This is a collaboration blog by Erika Del Sordo and Meredith Kimmel, ACC.  This blog can also be found at

Erika and I are both native (and current) Floridians, and this past week our beloved state found itself in the path of Hurricane Ian, which battered Cuba prior to making landfall in Florida, and then eventually ended up striking the Carolinas before dying out in the Northeastern United States.  Living in Florida, you kind of become an amateur expert in storms and resilience.  

We want to dedicate this week’s blog post to all of those affected by Hurricane Ian.  Erika and I count ourselves as lucky because we weren’t in the direct path of this ferocious storm, though we did certainly feel its wrath due to the immense size of the storm.

Storms and Resilience

Erika and I often talk about resilience in our blog posts, and our society uses storms as a metaphor for the difficulties in our lives that build our resilience muscles.

In 2017, when Hurricane Irma struck Florida, I remember talking with a friend and she said to me, storms have an amazing capacity to clear what is in the way and allow for the new to grow and prosper.  While we are far away from that with Hurricane Ian, this will be what happens.  Florida will show resiliency and come back better and stronger.

One of the keys to resiliency is to learn lessons from the “storms” that happen in our lives. Something that stuck me with Hurricane Ian hitting Southwest Florida, is how prepared we were before the storm.  The hurricane forecasting by the National Hurricane Center was excellent.  People who needed to evacuate left. Electric grids were preemptively shut down to minimize damage and make it easier to put the grid back online post storm.  Staging sites were set up before the storm to give people food, water, and gas. 

These are all lessons learned from prior storms.  After Hurricane Andrew hit South Miami in 1992, Florida’s building codes were updated.  After Hurricane Wilma in 2005, gas stations had to change their infrastructure so that people could pump gas without electricity and lots of powerlines were moved from above ground and buried underground. 

I was shocked to see that as the storm moved through Florida on Wednesday and Thursday, 2.5 million people were without power, as of Sunday only approximately 750,000 people are still without power.  When Hurricane Wilma hit in 2005, I was without power for nine days, and that seemed pretty in line with people in my circle.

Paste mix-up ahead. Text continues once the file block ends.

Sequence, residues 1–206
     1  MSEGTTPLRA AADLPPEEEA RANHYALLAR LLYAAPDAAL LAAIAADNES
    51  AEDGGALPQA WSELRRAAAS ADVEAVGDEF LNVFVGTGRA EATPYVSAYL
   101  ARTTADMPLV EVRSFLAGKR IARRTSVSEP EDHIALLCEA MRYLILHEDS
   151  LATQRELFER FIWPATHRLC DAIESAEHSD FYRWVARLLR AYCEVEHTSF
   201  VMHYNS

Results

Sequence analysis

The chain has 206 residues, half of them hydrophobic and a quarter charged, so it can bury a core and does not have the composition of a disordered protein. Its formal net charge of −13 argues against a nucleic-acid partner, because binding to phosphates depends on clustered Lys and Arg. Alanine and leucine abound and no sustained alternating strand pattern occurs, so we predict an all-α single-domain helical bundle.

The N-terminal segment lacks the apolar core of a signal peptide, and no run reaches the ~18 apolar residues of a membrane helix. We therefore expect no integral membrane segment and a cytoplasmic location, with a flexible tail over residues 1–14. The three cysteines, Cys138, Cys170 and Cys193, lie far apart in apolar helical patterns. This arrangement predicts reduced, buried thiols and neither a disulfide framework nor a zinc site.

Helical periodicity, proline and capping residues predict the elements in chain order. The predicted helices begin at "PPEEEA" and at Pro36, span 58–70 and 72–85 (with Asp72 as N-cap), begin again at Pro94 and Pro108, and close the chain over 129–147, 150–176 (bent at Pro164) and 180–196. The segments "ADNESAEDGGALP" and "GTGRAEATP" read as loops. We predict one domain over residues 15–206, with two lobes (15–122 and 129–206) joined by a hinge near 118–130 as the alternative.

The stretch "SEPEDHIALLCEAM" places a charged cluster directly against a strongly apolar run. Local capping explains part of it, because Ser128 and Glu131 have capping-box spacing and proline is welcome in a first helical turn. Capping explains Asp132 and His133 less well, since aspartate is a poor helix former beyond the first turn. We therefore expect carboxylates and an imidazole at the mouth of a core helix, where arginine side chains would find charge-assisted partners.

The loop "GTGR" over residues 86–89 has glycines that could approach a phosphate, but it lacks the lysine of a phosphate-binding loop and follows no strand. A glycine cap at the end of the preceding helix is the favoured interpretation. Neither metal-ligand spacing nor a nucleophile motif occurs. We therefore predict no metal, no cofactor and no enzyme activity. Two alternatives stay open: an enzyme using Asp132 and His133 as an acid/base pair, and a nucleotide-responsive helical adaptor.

These changes are all results of the lessons learned thus building our resilience muscles.  I know Florida will take lessons from Hurricane Ian and make even greater changes going forward.

We will be back and we will be even better!

Palm tree blowing in the storm.

Finding Resilience

When you are in the thick of the storm, you aren’t necessarily thinking about resilience.  You are in basic survival mode.  Once you find yourself on the other side of the storm, you can take stock of what is left and figure out how to rebuild.  The same thing is true when you are going through a metaphorical “storm” in your life.

How to find resilience:

  1. Recognize that something has happened, and you can’t go back to how it was before.
  2. Remind yourself that this is not going to be how it is forever, it will get better.
  3. Reflect on how you want to change things for the future and create that future.
  4. Learn lessons from the event to build your resilience muscles.
  5. Have faith in God, the Universe, or your higher power of choice.

Erika, please share your thoughts on storms and resilience.

Certainly, Meredith!

Once again, very well said by my esteemed co-blog collaborator. To elaborate on this, I believe that when we are in the thick of a storm, positive thinking has gone out the window. Right?

Finding Our Fight

Just like the palm fronds below, when we’re in a storm, our intuition is down, our motivation is down, our gratitude has been deflated, but we are physically still intact. And that means that we can and should prepare.

Fallen branches after a storm

When a hurricane is barreling its way through the Atlantic and we’re getting watches and warnings, we’re also getting water, batteries and boards to survive the thing. Well, guess what?! We need to stock up on our personal lives for when the spiritual storms make their landing on us, as well.

Everyone at some point or another in their lives experiences a storm. Maybe it’s financial, maybe your health has declined, maybe severe overwhelm has set in. Have your spiritual armor ready to go. Recognize that you need to call in all of your planned saviors to dig you out of whatever spiritual warfare is going on. The #1 thing that helps me? Prayer. God comes first and foremost in my life. So even though life can bear down its heavy load, continue praying because He will dig you out.

A storm approaching over the water

Faith As Small As A Mustard Seed

Now, as Meredith mentioned above, if you are strictly a spiritual person, then send out vibes of love and gratitude. Maybe you have a different religion. Whoever and whatever you need to reach out to when preparing to tackle the storm, just seek help. Seek help early so that when the storm shows up, you know how to lessen the blow.

You see, all of your preparation isn’t going to keep the storm away. Oh it’s still coming. We’ve already learned how to be resilient as adults. So now what we have to do is constantly prepare for what’s next. Even the happiest, most positive person in the world isn’t going to escape a storm in life. It’s definitely how you prepare for it though.

For whatever you are going through now, or want to prepare for in the future, know that you are not alone. If you need help preparing, reach out to my co-blog collaborator Meredith Kimmel, who will professionally guide you to reaching your full potential, while assisting with the tools and resources necessary to become your best self.